In response to a comment on my first post I wrote another one, as I wanted to connect A. J Ayer’s examination of moralism and determinism to the concepts of skepticism discussed earlier in the course. However, I felt my original post would have been too long winded if I included all of these thoughts.
If we are in fact living in a computer simulation or a false world of some sort then it becomes increasingly difficult to reconcile the argument with the moralist with that of our false reality. However, if we postulate that the determinist is indeed correct in his thoughts that we cannot change the past, future, or any part of our destiny, then reconciling these thoughts with that of a false world is actually quite simple. As our world itself is false then our actions are simulated, pre-determined, and any actions we take in our false world would have absolutely no bearing on the future as our world has no connection to any “true” future, and no connection to the true world in which the computer simulating our world exists.
However, coming back to the argument of the moralist. If all of our actions are our own, and we are responsible for the consequences of our actions which in turn shape the future, then it is required that our simulated world have some preexisting connection to the “real” world, which can be found in the simulating computer and the scientists observing the aforementioned simulation. So if we postulate that scientists are observing our simulation and that these observations somehow alter the scientist’s mentality or perspective on life or the human experience, then our actions in our false world did in fact have consequences that shaped the future and can be accounted for.
I recognize for the moralist view to be reconciled with a ancestor simulation people from the “real world” must observe the simulation and gain some experience from the observation. However, if an ancestor simulation were to be created it would surely have some observers of some sort because without people to study the ancestor simulation creating the simulation itself would become pointless. Furthermore, for the argument of the moralist to succeed in an ancestor simulation the simulations cannot merely be “zombies” but rather need to be unaware simulated beings that believe themselves to living in a “true” reality. If all simulated beings were zombies then they would not develop any organic thoughts that would lead to any significant observations from the simulation. So based on this previous postulation we can indeed infer that the simulations would indeed by unaware organic simulations, and that people would be observing and learning from these organic simulations. So the actions of these simulations do indeed shape the future and we can indeed reconcile the argument with of ancestor simulations with that of the moralist.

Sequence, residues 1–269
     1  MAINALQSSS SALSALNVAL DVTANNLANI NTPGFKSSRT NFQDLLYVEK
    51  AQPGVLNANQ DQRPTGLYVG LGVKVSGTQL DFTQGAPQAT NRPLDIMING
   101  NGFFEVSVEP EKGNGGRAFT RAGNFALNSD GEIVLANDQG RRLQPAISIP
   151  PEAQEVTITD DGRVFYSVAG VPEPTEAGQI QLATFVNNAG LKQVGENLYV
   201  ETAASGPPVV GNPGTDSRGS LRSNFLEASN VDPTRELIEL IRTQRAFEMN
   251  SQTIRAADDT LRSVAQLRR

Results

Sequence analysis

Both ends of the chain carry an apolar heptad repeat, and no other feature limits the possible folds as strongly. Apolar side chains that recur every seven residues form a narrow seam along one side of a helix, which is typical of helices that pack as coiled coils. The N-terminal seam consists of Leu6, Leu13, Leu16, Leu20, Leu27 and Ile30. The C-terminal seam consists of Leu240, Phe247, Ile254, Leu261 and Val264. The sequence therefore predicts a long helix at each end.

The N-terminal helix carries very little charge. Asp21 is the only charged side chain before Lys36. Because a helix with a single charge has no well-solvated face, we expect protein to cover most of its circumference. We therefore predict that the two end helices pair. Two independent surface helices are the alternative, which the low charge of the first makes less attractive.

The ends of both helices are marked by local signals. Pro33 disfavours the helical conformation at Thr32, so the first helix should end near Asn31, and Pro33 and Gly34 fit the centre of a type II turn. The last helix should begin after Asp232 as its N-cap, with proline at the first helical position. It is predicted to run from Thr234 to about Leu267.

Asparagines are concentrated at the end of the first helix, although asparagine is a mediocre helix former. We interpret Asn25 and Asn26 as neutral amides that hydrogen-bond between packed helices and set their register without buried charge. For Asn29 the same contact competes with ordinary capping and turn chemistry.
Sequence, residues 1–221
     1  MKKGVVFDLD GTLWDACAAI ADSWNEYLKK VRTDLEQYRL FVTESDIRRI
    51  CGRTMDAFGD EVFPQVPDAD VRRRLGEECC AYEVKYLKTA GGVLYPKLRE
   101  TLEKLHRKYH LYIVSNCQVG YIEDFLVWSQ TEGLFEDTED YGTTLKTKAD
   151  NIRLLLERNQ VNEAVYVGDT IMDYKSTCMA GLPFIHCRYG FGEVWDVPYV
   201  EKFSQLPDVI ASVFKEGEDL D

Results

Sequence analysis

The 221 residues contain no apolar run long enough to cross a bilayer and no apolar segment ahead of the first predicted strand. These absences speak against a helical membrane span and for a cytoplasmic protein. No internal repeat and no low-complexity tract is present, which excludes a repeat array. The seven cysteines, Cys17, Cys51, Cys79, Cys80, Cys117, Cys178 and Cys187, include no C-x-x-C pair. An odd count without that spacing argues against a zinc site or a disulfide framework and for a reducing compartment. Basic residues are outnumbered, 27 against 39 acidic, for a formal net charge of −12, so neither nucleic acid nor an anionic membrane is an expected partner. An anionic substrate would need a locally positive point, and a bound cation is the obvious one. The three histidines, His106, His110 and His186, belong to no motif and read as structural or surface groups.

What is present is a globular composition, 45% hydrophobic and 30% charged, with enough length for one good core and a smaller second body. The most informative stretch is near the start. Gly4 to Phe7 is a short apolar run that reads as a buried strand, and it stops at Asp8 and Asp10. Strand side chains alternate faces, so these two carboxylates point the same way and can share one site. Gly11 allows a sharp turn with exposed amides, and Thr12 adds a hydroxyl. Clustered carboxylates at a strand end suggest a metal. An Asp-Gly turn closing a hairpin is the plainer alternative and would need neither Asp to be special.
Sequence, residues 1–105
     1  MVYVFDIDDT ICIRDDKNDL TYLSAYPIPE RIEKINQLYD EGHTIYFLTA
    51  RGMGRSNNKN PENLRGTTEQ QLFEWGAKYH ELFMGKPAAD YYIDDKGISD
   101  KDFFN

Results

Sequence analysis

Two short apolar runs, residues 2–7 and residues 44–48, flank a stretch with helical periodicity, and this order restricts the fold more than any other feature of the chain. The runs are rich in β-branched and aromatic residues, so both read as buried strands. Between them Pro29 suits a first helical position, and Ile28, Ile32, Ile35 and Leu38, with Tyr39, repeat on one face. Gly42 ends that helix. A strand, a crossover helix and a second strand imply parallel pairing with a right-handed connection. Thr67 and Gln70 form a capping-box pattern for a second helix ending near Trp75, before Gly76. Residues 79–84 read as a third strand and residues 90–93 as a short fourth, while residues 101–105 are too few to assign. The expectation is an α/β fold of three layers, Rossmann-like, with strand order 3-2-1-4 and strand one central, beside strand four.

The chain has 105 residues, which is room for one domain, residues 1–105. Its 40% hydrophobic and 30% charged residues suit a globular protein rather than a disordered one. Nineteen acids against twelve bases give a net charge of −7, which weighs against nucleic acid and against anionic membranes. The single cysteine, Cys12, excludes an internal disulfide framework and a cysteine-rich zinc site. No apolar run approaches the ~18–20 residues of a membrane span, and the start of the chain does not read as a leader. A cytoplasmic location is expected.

I understand that one could attempt to refute my argument through postulating that by creating the ancestor simulation the scientists observations would be “pre-destined” as his observations were induced by actions in the simulation that would have not taken place if the simulation had not been created. So if he is pre-destined to learn from the ancestor simulation, which he himself created, then did, the actions of the scientists really alter the future at all? All I can say in response to this argument is that there is no degree of certainty to what the scientist will learn from observing the simulation. He could learn people are evil, people are lazy, or people are philanthropic and generous. And while one could predict what the scientist could learn by examining his character and his life experiences, one could never be 100% certain with that prediction. And once again, I postulate that this randomness associated with the human experience, is what enables realism and determinism to be reconciled, because while stimuli and experiences may shape one’s destiny, it does not make it 100% certain.